The Grand Tour
Who Were the Grand Tourists?
It has been estimated that some 40,000 Britons undertook the Grand Tour during the period from 1750 to 1825. They were nearly all the eldest sons of wealthy aristocrats and they would have undertaken the Tour when aged anything between 15 and 21.
The notion behind the Tour was that the education provided by the great Public Schools (i.e. institutions such as Eton, Harrow and Winchester) was not particularly well-rounded, and in order to be fully educated it was important to have first-hand knowledge of great art and architecture. In the days before public art galleries (London’s National Gallery dates from 1824) it was impossible to see the works of masters such as Titian and Raphael. You had to travel to where they were in order to see them, and in most cases that meant Italy.
Aristocratic young men were given an education that placed great emphasis on the classical languages, particularly Latin. In order to put flesh on the bones, where better to go than Rome to view the remains of its ancient past?
Also, many people of this class were expected to play a role in politics and diplomacy. That meant knowing foreign languages, the teaching of which was largely ignored by the Public Schools. In order to learn French or Italian you had to spend time in France or Italy.
An Expensive Business
The Grand Tour was only available for families with very deep pockets. A tour could last up to five years, and the participants did not expect to spend much time in student hostels! A tourist would take at least one servant with them, and some would be accompanied by several. They would travel in their own horse-drawn carriage, with all the expense that that entailed, and they might well hire extra staff such as porters during their travels.
It has been estimated that some fathers spent as much as £10,000 a year on financing their son and heir’s Grand Tour – the equivalent of millions today.
Some Danger Involved
As soon as a tourist set foot in France they would become open to the attentions of highwaymen and tricksters. Some learned – the hard way – the benefits of keeping gold coins hidden about their person.
Tourists would be exposed to many threats to their health, such as diseases to which they had no immunity and untrustworthy water supplies. Many took well-stocked medicine chests with them.
On reaching Marseilles, the route to Italy was either by sea – with the risk of being attacked by pirates – or across the Alps. The latter route meant traversing Alpine passes shrouded in furs against the cold and sometimes having to follow narrow tracks with sheer drops to the valley below.
Indulging in the Arts
Once in Italy, the tourist could head for Venice, hopefully in time for the annual carnival. This was an opportunity for enjoying oneself at masked balls or taking part in gondola races, and for soaking up the culture provided by Venetian architecture and the artistic works of Canaletto and many others.
Another popular destination was Florence, where many great works by the Old Masters could be seen. However, Rome was always the greatest magnet, not least for the ruins of the Forum and better preserved buildings such as the Colosseum.
Some tourists ventured further south to visit the ruins towns of Pompeii and Herculaneum, although these have become far more visible in more recent times thanks to later excavations.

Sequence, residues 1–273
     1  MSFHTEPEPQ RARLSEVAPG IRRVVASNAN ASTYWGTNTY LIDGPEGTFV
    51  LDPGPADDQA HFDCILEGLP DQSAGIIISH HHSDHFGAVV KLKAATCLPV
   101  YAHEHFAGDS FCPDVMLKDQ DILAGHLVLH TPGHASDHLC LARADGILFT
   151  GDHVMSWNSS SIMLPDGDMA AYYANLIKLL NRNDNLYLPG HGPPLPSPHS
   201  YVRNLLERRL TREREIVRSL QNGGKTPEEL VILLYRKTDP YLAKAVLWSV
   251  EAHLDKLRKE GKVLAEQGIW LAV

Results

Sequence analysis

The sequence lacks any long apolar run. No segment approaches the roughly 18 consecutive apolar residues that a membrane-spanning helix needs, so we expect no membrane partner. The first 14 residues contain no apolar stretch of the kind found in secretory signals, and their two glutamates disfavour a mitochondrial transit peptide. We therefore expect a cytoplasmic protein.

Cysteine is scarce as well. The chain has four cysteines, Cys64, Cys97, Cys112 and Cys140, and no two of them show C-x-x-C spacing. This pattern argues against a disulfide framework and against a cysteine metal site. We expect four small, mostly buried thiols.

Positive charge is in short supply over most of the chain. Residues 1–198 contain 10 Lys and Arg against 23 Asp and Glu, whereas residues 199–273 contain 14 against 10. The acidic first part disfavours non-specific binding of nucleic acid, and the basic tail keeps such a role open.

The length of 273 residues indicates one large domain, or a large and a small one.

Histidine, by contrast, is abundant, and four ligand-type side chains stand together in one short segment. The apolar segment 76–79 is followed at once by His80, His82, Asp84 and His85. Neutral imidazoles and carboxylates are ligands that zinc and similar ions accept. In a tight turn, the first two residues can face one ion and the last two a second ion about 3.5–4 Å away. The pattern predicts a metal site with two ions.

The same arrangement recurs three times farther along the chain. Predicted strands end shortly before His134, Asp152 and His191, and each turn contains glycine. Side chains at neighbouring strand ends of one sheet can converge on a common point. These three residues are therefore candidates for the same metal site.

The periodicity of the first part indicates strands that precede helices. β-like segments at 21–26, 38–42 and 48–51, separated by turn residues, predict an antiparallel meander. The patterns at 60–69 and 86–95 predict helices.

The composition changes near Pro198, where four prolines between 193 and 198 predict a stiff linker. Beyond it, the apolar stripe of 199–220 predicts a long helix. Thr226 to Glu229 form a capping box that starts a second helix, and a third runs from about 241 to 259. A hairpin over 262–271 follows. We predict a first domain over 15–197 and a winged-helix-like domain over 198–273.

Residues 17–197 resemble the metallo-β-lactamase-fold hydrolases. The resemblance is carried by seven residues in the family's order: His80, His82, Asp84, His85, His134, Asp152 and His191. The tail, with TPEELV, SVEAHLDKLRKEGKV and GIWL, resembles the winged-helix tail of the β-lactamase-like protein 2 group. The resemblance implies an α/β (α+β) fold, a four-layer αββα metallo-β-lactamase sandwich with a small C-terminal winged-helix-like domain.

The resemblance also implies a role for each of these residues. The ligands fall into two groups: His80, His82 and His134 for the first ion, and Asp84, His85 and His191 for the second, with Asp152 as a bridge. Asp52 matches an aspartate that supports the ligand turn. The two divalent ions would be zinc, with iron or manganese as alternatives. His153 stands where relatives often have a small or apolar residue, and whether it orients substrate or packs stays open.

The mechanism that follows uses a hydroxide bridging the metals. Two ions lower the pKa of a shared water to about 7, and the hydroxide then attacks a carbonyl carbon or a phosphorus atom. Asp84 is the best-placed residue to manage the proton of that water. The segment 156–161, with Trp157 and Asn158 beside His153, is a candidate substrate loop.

It must also be pointed out that not all Grand Tourists were as conscientious in soaking up the culture as their fathers might have wished. It should surprise no-one that sending a rich young man off to France and Italy, far away from parental control, might offer temptations to behave badly, and that was certainly the case in many instances.
What Did the Grand Tourists Come Back with?
Many deep-pocketed tourists were able to buy works of art that took their fancy and return with them to Britain. Many great country houses today have their walls lined in part with purchases made by past Grand Tourists. Some of these works have subsequently found their way into public collections such as those of the National Gallery and major regional art galleries.
Landscapes by artists such as Claude and Poussin were sometimes used by estate owners to guide garden designers such as “Capability” Brown and Humphrey Repton towards the production of their own classical landscapes.
It also became the custom for Grand Tourists to have their own portraits painted in front of a famous antiquity. This was a somewhat more expensive – and far more time-consuming – version of the modern in situ “selfie”.
Apart from paintings, tourists collected sculptures, pottery, objets d’art and furniture, many examples of which can still be seen today in properties now owned by the National Trust and English Heritage.
Sons of aristocrats who later inherited their fathers’ estates were sometimes inspired to re-design their great houses along the lines of sketches they had made while on tour. The Italianate “Palladian” designs of Robert and James Adam owe their origin to this tendency.
Always a Success?
By no means. As mentioned earlier, not every Grand Tourist took the event as seriously as was intended. Although the average tourist returned to England as a far more sophisticated person than they had been when they left, some had acquired habits that attracted mockery and ridicule from stay-at-homes.
These included ornate clothes, extravagant wigs and foppish attitudes.
The Scottish economist and philosopher Adam Smith was of the opinion that the average tourist returned “more conceited, less principled, more dissipated and more incapable of study or business than if he had stayed at home.”